Judgment affirmed. All the Justices concur, except Wyatt, P. J., who dissents.

WYATT, P. J, dissenting.

I cannot agree with the majority opinion. It is my view that this court is without jurisdiction in *3 the instant case. This case is expressly brought under the provisions of the Declaratory Judgments Act (Ga. L. 1945, p. 137; Code, Ann. Supp., Ch. 110-11). This court has previously held that, in order for a declaratory-judgment case to fall within the jurisdiction of the Supreme Court, the case must be an equity case, or involve other questions over which the Constitution gives this court jurisdiction, and that injunctive relief sought in a law case to preserve the status quo will not give this court jurisdiction. Findley v. City of Vidalia, 204 Ga. 279 (49 S. E. 2d 658); Ulmer v. State Highway Department of Georgia, 210 Ga. 513 (81 S. E. 2d 514). It has also been held that an attack upon the constitutionality of a city ordinance is not such a constitutional question as will give this court jurisdiction. Loomis v. City of Atlanta, 206 Ga. 822 (58 S. E. 2d 813); Moore v. City of Tifton, 207 Ga. 443 (62 S. E. 2d 182). The real issue involved in this case is the validity of the city ordinance under attack, and that, of course, is strictly a law question.

The only provision in the Declaratory Judgments Act with reference to injunctive relief reads as follows: ". . . The Court, in order to maintain the status pending the adjudication of the questions or to preserve equitable rights, may grant injunction and other interlocutory extraordinary relief, in substantially the manner and under the same rules as apply in equity cases." Code, (Ann. Supp.) § 110-1102. It follows, under the Declaratory Judgments Act in a law case such as the instant one, the only injunctive relief that can be granted is temporary to preserve the status pending the determination of the questions involved and a declaration of the rights of the parties. As previously stated, that sort of injunctive relief does not give this court jurisdiction.

The prayers in the instant petition read as follows: "That this court adjudicate and declare the rights of plaintiffs and defendants as to the validity or invalidity of said ordinance, and more particularly that this court declare said ordinance unconstitutional, null, and void. 2. Waiving discovery, plaintiffs pray that process issue requiring the defendants to answer this petition as required by law, that the court temporarily restrain defendants from enforcing said ordinance against plaintiffs and that defendants be temporarily restrained from interfering in any manner with plaintiffs in conducting their business and that a rule nisi *4 issue requiring the defendants to show cause why they should not be temporarily restrained from enforcing said ordinance against plaintiffs or interfering in any manner with plaintiffs in the conduct of their business and that the said defendants be permanently enjoined from enforcing said ordinance against plaintiffs, and that the defendants be permanently enjoined from interfering in any manner with the plaintiffs in the conduct of their business."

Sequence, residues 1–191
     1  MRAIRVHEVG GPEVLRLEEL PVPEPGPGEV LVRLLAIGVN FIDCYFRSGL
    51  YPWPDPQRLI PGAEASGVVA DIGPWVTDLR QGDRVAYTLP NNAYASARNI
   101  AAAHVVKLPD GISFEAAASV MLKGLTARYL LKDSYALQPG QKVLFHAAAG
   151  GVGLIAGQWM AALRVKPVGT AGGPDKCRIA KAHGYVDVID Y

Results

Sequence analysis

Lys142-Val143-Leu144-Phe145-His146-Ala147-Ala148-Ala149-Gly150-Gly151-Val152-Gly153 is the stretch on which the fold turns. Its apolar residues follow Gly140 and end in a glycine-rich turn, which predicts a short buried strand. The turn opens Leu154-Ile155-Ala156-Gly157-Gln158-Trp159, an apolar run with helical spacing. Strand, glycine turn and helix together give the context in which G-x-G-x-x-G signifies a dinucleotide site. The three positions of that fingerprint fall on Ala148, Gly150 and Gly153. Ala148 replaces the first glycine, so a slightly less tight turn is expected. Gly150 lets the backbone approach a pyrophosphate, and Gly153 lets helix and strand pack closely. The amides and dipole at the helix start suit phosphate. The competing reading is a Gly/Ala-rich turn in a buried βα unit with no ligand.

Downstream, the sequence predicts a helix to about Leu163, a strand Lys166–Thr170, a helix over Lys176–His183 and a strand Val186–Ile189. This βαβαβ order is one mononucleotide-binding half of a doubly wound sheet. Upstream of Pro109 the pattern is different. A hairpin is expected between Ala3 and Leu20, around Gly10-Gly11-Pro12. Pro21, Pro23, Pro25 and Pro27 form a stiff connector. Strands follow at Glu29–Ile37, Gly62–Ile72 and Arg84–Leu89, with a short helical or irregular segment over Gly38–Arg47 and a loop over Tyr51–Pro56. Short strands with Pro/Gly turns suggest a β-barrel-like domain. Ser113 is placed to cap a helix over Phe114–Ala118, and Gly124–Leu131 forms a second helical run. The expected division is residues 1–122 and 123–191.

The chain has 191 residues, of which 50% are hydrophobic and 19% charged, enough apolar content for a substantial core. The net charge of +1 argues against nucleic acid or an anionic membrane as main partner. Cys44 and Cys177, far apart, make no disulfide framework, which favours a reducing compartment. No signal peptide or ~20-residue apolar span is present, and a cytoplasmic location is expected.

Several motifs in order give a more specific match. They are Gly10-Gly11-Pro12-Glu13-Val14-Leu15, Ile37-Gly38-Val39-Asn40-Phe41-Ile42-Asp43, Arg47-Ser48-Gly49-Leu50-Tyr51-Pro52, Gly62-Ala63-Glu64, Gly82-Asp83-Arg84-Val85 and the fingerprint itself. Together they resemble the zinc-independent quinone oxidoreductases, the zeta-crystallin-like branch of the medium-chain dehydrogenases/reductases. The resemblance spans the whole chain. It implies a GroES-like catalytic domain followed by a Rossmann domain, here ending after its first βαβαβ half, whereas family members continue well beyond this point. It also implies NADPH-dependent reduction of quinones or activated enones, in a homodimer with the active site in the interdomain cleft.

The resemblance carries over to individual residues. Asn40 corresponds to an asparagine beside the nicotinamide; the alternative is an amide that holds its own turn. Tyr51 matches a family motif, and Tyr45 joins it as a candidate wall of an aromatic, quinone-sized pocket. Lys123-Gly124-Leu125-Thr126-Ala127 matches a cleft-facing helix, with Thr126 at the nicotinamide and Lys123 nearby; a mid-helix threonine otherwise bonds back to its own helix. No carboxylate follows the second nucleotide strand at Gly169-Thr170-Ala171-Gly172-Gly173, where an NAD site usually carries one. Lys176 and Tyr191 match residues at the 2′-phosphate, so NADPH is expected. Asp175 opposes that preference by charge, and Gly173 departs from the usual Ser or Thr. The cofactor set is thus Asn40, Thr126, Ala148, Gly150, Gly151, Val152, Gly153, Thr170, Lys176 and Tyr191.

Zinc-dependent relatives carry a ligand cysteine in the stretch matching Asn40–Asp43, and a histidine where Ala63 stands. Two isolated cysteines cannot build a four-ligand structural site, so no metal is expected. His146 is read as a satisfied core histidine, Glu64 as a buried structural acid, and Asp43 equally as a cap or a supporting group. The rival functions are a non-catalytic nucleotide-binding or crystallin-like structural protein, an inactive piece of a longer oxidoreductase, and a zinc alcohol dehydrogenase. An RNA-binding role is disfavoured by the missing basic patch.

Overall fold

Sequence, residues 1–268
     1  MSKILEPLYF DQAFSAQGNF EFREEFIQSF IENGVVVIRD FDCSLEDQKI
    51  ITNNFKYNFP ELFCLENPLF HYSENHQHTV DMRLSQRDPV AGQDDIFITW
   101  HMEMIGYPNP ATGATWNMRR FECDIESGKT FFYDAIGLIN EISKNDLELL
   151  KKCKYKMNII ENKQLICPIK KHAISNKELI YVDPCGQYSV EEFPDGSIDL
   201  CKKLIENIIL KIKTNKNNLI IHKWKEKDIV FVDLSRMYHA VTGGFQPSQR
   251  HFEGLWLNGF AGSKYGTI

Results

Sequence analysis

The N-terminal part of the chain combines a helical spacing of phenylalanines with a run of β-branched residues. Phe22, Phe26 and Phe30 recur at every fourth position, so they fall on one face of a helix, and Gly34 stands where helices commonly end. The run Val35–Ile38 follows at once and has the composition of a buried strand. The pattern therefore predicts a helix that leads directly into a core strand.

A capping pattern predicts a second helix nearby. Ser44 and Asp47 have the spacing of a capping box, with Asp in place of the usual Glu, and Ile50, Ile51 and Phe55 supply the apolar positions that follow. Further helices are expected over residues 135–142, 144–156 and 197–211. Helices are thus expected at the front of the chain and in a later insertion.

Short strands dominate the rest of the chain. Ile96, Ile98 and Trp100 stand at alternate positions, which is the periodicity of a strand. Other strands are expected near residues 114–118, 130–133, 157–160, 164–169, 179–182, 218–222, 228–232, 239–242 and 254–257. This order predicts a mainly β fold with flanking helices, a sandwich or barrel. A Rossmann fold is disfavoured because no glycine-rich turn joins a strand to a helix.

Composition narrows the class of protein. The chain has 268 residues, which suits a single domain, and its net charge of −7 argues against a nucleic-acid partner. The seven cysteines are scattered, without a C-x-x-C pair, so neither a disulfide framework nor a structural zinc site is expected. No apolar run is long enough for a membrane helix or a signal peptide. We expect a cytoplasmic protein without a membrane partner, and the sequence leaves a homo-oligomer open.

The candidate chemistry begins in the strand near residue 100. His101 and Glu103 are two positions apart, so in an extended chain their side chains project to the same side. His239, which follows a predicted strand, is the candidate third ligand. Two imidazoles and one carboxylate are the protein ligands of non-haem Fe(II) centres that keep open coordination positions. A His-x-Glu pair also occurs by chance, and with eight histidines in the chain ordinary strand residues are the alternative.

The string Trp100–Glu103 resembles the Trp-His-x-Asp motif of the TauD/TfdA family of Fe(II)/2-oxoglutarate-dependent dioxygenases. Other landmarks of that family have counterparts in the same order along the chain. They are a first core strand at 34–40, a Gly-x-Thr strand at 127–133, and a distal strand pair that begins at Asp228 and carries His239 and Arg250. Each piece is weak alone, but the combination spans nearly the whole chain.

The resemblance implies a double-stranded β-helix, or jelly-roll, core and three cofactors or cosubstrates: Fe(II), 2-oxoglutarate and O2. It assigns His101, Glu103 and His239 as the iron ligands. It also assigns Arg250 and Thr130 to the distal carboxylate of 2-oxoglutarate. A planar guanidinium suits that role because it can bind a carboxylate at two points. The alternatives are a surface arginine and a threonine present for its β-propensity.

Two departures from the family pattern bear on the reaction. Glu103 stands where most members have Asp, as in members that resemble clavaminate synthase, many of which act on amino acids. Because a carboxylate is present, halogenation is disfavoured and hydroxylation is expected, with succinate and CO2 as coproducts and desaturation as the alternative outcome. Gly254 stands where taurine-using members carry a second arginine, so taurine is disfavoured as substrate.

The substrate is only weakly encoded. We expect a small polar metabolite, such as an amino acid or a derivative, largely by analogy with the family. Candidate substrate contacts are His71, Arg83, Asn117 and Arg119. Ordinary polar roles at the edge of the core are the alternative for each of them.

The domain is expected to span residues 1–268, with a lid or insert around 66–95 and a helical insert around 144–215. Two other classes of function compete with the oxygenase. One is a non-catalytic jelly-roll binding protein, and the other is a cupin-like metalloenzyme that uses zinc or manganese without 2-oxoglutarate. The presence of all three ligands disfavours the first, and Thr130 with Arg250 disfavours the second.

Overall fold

In Findley v. City of Vidalia, supra, the prayers of the petition were as follows: "(a) That this court declare the aforesaid contract between the defendant municipality and the defendant corporation null, void and ultra vires. (b) That the defendant municipality and the defendant corporation be restrained and enjoined from carrying out any of the provisions of said contract or performing any acts pursuant thereto until there is a final adjudication as to the validity or invalidity of said contract. (c) That the defendant municipality be restrained and enjoined from paying any money to the defendant corporation or doing any other things looking to the performance of said contract." It will be noted that the only real difference in the prayers in the instant petition and those in the Findley case, supra, is that in the instant case the words "permanently enjoined" are used, and that these identical words are not used in the Findley case. However, the prayers in the instant case and in the Findley case are to all intents and purposes the same. In the Findley case, supra, it was held by this court that no question was presented which would give the Supreme Court jurisdiction.

Simply to tack onto a purely law case a prayer for permanent injunction, a remedy not provided for under the terms of the Declaratory Judgments Act, is not sufficient to give this court jurisdiction. If that rule should be adopted, then the constitutional provisions relating to the jurisdiction of the Court of Appeals and the Supreme Court would be completely nullified. This is true for the reason, in that event, the jurisdiction of the Court of Appeals could be destroyed by the subterfuge of tacking on to any case a prayer for permanent injunction. It follows that the jurisdiction of this case is vested in the Court of Appeals and not in the Supreme Court.